Fidelity has maintained a bullish outlook on China, stating the Government has taken the necessary measures to curb a property bubble.
Fidelity portfolio manager Kate Howitt said China looked much the same as it did before the global financial crisis, apart from the monetary tightening to curb speculation in the property market.
She said the Chinese government was “tapping on the brakes” in an effort to tighten the availability of multiple mortgages.
Howitt said the measures were intended to rein in the enterprises that were starting to speculate in the property market even though their core business lay elsewhere. The Chinese government has tightened restrictions on pre-sales, introduced higher minimum down payments for second homes and made it tougher to obtain loans for third properties.
She said the tapping on the brakes could have a softening impact on Australia, but these measures have avoided a property bubble at the top end.
“The bullish theme for the global economy these days is still the industrialisation of China, but the trajectory was overheating. The Government is pulling it back to a more sustainable level — and that’s exactly what is needed,” said Howitt.
She said it was interesting that there was a negative reaction to these measures, when the outcome would have been far worse had that not happened.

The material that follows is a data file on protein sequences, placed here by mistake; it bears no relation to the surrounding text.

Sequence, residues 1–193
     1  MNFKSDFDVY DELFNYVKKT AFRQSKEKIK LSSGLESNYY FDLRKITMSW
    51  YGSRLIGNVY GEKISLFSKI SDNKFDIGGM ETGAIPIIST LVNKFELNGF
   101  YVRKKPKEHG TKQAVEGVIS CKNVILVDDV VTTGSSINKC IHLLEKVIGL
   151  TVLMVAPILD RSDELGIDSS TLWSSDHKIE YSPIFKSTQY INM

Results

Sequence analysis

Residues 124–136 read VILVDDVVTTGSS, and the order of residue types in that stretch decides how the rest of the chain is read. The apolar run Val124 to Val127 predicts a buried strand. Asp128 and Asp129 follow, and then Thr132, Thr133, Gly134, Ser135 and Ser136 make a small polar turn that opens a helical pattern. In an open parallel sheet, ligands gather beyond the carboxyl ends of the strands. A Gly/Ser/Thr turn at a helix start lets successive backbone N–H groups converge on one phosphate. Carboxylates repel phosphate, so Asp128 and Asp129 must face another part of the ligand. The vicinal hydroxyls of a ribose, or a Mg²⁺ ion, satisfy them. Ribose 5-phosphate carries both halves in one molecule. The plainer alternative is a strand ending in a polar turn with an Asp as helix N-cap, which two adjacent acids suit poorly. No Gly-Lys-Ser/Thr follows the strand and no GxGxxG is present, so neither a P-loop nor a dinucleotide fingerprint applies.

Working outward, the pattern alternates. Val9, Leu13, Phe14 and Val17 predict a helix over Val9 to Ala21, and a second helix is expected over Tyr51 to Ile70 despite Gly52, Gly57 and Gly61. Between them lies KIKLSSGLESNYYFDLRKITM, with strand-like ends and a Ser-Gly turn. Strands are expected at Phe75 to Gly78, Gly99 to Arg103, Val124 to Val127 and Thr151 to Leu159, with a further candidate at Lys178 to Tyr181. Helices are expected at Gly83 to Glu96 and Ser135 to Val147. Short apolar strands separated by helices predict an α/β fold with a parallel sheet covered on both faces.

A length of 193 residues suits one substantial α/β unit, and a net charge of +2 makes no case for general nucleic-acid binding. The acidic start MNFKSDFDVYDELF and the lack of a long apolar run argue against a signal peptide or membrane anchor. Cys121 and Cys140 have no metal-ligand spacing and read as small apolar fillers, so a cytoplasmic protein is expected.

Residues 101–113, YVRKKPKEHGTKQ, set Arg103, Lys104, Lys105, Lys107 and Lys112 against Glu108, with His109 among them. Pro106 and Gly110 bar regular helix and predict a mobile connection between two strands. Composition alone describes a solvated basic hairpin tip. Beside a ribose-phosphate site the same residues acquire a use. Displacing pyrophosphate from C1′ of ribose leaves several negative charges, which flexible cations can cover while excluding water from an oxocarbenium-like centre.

Howitt noted that the Chinese government had a much higher focus on social housing, tripling its targets for social housing in the last year. She said it was still uncertain whether this would be played out in the short term, since the incentive at the provincial government level was still to maximise property values.
Considering the risks in China, she said there was a lot more debt in the economy — but it was still nowhere near the debt levels of the Western world.
“The Chinese Government is further down the track to making its transition from an export-driven economy to a consumption-driven economy,” said Howitt. “The Government has made a lot of strides in trying to put in place the social safety net to allow that to happen.”
She added that it was interesting that a communist government was managing its economy very well, while democratic, capitalist governments around the world continued to struggle.